ARLC shoulder charge ban too ‘reactive’

Melanie Dinjaski November 21, 2012, 1:40 pm

Bone crunching, shudder inducing, and bloody awesome.

Is there anything more beautiful than a player been flattened by the surging force of a rugby league player? It’s raw power on show in one of the toughest contact sports in the world, but now we have to say goodbye to it all because a few players got it a little bit wrong.

Thanks to the ARLC’s banning of shoulder charges yesterday, the delightful thud of muscles impacting at full speed will now be muted, leaving the league world in mourning.

No longer will we be exalting at rib-rattling hits from the likes of Greg Inglis, Jamal Idris and Jared Waerea-Hargreaves.

I suppose we should just drop the ‘league’ in ‘rugby league’ and be done with it then, right?

Because we’ve now lost a major crowd-pleasing part of our game, and the one thing that made the sport that little bit more thrilling than union.

Instead of having greater difference, each year it appears we’re becoming more and more like it.

Expect to be treated to more penalties from referees struggling to enforce the ban during games next season, and don’t be surprised if there are more suspensions as a result too, with players having trouble switching off what is a purely instinctual attacking and defensive component of rugby league.

And let’s not even go into the potential grey area of what is a deliberate shoulder charge or body check and what is an attempted tackle. It’s sure to cause confusion on the field and at the judiciary.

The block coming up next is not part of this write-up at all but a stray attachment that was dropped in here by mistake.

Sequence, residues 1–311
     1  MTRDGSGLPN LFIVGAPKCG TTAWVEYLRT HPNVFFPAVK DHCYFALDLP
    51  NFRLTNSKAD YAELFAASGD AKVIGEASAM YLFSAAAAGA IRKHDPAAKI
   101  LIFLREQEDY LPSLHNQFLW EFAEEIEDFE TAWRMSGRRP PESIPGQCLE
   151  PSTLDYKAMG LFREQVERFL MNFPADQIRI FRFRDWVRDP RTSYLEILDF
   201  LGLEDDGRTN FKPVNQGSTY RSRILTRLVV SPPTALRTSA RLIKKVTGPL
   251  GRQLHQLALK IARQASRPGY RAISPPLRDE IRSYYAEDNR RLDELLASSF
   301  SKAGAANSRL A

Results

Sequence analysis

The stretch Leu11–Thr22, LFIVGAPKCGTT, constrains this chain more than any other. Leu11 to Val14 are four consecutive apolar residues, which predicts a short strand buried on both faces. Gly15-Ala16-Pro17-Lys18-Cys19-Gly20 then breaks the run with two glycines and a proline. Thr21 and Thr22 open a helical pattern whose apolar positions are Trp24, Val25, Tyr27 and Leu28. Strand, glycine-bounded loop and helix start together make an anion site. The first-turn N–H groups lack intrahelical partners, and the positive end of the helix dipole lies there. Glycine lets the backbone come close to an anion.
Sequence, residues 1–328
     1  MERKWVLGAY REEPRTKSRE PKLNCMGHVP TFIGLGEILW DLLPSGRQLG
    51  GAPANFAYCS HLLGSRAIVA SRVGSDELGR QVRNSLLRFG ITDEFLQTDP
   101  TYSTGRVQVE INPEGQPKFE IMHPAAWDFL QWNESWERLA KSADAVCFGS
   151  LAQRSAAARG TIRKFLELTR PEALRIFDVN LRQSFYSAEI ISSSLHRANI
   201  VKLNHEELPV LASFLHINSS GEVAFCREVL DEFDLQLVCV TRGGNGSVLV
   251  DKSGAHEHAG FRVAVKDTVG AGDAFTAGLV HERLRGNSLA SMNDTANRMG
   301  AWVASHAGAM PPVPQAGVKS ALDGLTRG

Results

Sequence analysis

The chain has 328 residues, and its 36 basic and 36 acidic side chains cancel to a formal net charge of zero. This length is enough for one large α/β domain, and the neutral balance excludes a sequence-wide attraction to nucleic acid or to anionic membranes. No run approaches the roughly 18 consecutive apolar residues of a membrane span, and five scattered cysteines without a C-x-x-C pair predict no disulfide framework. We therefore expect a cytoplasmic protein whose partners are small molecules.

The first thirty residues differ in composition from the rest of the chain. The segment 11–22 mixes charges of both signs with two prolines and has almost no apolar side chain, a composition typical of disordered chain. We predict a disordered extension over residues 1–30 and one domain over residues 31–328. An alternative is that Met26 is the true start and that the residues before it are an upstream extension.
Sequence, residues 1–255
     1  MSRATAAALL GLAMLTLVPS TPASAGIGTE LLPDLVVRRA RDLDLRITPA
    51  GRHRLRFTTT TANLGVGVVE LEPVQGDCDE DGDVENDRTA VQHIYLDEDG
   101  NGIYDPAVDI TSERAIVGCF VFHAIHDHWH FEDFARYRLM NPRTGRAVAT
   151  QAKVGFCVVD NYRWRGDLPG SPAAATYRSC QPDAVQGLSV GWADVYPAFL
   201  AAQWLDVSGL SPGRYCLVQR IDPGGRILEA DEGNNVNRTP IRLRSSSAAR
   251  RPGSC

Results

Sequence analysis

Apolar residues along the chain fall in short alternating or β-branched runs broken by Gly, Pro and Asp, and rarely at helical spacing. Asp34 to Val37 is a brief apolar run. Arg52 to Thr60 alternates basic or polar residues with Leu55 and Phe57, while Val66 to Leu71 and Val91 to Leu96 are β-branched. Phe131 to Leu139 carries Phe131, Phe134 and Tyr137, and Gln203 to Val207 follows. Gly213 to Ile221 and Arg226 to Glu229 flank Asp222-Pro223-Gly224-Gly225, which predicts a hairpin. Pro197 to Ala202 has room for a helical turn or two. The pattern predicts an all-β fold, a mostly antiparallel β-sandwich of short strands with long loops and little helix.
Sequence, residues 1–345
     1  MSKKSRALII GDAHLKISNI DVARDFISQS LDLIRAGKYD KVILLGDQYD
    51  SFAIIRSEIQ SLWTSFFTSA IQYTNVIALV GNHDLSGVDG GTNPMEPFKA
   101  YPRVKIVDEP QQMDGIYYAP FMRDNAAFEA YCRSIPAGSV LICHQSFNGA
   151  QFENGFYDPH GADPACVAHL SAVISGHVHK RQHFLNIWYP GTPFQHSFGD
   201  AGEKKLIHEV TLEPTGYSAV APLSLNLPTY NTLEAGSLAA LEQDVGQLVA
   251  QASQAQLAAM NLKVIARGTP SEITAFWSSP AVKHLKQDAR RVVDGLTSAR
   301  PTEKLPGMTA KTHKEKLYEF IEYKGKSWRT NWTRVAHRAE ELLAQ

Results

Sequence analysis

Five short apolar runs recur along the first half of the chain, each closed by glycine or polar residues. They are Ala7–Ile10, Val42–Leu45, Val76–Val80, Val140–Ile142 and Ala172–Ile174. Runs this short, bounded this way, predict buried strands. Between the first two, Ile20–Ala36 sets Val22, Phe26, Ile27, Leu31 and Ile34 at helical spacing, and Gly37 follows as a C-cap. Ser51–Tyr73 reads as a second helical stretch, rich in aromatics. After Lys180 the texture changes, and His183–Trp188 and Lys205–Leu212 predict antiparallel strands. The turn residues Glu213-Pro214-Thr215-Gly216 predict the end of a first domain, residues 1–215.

The reason for the ban? Player safety. Which is a good initiative, sure, however tackles can go awry too, but we’re not about to ban tackles are we?

When shoulder charges are such a rare and special part of the game that reportedly result in injury to less than five percent of those involved, it seems premature to simply ban them outright like this. Especially when there are other methods to manage the shoulder charge and ensure player safety in the game all around (few options of which have been adequately explored).

No-one wants this except the ARLC.

The fans don’t want it. Judging by the outrage shared by players on social media, they don’t want it either and I can bet newly recruited Sydney Rooster Sonny Bill Williams won’t be too happy with the decision.

So what gives, ARLC? A little bit “reactive” don’t you think?

Follow Melanie on Twitter, @MelanieDinjaski

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  1. Wayne S09:34pm Saturday 22nd December 2012 ESTReport Abuse

    This article is just plain dumb besides being poorly written. Dont journos go to university anymore? . The shoulder charge is too risky to allow where a duty of care is involved especially considering most shoulder charges end up around the head area.